Research as a portfolio
Over the past year, I've been soliciting advice for how to pursue "transformative research." The cornucopia of counsel I've received is worthy of its own essay, but today I wanted to focus on one nugget of wisdom that's been particularly challenging to follow: pursue a portfolio of bets.
Some relevant background about me: I'm a one-thing-at-a-time guy. For me, reading Paul Graham's "The Top Idea in Your Mind" was not a revelation about priority; it was a description of lived experience. In a User's Guide to working with me, I wrote:
I like to focus on one big initiative at a time. When I have to divide my days between two or more large initiatives, I start to feel drained. I can only have one top idea in my mind, and I'd prefer to not have competition for that slot.
Which leads me to the advice I received about pursuing "transformative research": don't lock in on a single project too early. The thinking goes as follows:
- Transformative research projects tend to require 3-5 years or more of directed effort before they yield significant insights.
- Not all research projects have the same difficulty or leverage in producing insight; some have obvious low-hanging fruit once you start to dig in.
- Therefore, evaluate multiple projects in some depth before settling in on one.
I was talking with Andy Matuschak about his early forays into research. At first, he said, he was very resistant to settling down on a single project. He spent about a year taking more of a portfolio approach, but it was a frustrating experience. He was thinking about projects in terms of "making progress on the problem" rather than trying to get signal on whether the project was worth betting on. His advice?
- Build well-scoped prototype projects, cutting scope to the smallest thing that might feel "juicy."
- Avoid the tendency to "do things right" early on in the project. It's a bet, remember?
Andy reflected that if he'd been thinking in bets, it may not have actually changed his behavior in practice, but it would definitely have changed his psychology.
This leads to a few interesting questions:
- How to scope a prototype project appropriately?
- What signal would indicate that a particular research project is fruitful?
My portfolio so far
The last few weeks I've been exploring a variety of different bets, which has been challenging when I really want is to go all in on one thing. Here's my current "portfolio":
- Spaced repetition and knowledge management - I'm investigating the integration of spaced repetition prompts into a knowledge management system. The narrowly-scoped project is syncing prompts from Markdown files into Andy Matuschak's Orbit. I've also been tinkering with various spaced repetition systems (Fluent and Execute Program, specifically).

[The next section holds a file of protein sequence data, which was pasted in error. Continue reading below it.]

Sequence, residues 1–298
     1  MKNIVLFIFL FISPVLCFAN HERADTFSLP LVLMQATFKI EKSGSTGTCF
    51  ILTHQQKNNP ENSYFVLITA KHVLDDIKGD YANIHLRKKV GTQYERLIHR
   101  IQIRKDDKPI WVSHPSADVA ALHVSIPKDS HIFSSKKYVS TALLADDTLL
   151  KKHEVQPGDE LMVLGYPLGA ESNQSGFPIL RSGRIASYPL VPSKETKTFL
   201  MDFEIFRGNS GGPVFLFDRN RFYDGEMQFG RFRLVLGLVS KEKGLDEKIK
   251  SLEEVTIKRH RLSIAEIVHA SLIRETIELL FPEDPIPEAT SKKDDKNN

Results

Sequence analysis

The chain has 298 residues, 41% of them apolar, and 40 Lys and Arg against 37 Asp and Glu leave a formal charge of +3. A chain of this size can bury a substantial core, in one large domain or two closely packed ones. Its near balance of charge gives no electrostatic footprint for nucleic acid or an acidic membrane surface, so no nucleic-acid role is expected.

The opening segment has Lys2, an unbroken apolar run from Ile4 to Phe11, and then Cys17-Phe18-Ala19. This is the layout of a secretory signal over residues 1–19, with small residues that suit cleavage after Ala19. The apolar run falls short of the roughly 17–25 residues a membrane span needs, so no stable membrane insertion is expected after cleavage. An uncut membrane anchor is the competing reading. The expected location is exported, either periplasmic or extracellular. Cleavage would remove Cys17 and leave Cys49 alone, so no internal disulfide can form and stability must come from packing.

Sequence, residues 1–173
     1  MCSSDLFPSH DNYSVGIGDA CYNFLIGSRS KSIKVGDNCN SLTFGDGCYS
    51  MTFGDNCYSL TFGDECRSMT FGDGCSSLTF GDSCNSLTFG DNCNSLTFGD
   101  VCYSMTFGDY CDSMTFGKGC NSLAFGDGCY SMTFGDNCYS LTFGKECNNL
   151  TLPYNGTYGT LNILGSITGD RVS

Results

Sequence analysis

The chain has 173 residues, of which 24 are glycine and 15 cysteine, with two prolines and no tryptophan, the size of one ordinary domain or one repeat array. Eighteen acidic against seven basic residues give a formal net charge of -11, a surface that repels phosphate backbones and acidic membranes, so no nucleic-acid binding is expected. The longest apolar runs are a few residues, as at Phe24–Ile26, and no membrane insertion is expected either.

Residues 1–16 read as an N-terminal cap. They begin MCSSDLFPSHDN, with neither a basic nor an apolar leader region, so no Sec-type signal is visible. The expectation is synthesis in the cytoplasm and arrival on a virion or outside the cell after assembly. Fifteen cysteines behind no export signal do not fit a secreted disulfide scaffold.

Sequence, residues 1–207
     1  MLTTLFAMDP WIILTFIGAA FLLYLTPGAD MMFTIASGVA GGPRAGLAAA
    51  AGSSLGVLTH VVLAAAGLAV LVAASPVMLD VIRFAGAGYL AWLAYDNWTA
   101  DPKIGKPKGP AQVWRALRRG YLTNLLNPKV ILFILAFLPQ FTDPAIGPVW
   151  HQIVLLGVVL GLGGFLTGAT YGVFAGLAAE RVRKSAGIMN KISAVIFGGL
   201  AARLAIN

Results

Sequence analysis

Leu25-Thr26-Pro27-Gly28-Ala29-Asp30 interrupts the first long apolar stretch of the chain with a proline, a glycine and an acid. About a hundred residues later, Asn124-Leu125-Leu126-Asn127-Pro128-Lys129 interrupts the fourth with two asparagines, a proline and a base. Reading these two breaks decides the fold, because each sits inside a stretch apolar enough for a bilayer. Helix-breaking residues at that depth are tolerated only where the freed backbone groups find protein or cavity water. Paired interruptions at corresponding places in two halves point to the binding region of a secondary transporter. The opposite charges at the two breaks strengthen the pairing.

- Collaborative operating systems - My hypothesis is the only way to improve collaborative knowledge-making is to build a new operating system that's a multi-user experience from the ground up. I'm looking at Croquet as a delivery mechanism for that collaborative OS, and I have my own project called Tapestry.
- Whiteboard digitizer - I have a whiteboard in my office with a 4K camera pointed at it. I often use that setup on video calls or while streaming to share my whiteboard. I also have written a small set of command line scripts to take a picture of the whiteboard, crop and rotate, and color adjust. I'm looking into turning those digitizer scripts into a simple Rust CLI utility.
- Blockchain and NFTs - While learning about how Blockchains work, I'm increasingly convinced that Blockchain represents a unique and versatile technological solution. I'm still unclear what problems it will be most capable to solve. I'm currently working with a friend to build tooling to understand and explore NFT markets.
- Personal knowledge management systems - Each week, I am thoughtfully tweaking my own knowledge management system. I haven't written extensively my ingestion and writing process, but I do have a video where I draw out my process on whiteboard.
Did I mention that I like to focus on one thing at a time? Well, I think you can see the challenge. The breadth of taking a portfolio approach is daunting and draining . I'm still experimenting with how to organize my time and architect my environment so that I don't end up spread like "butter over too much bread."
Things that caught my eye
- I came across a fascinating overview of generating natural language to describe a complex system using text. The video goes into a bunch of the interface and technology challenges that he had to overcome in order to utilize the technology in a game called Knights of San Francisco.
- Have a Mac? If so, chances are you use homebrew to install software. I set up a new Mac this week, and I was reminded of brew's ability to install a set of software from a
brew bundle dump and
brew bundle install. You can check out my Brewfile in my dotfiles.
- In crafting novel tools for thought, you have to overcome the "first mile problem": how do you onboard new users seamlessly to the experience and present a UX which requires almost no explanation? Ultra-powerful tools like Roam introduce new concepts. Those new concepts need simple UX in order to be adopted. Cortex Future reflects on their experience teaching Roam to beginners in this thread.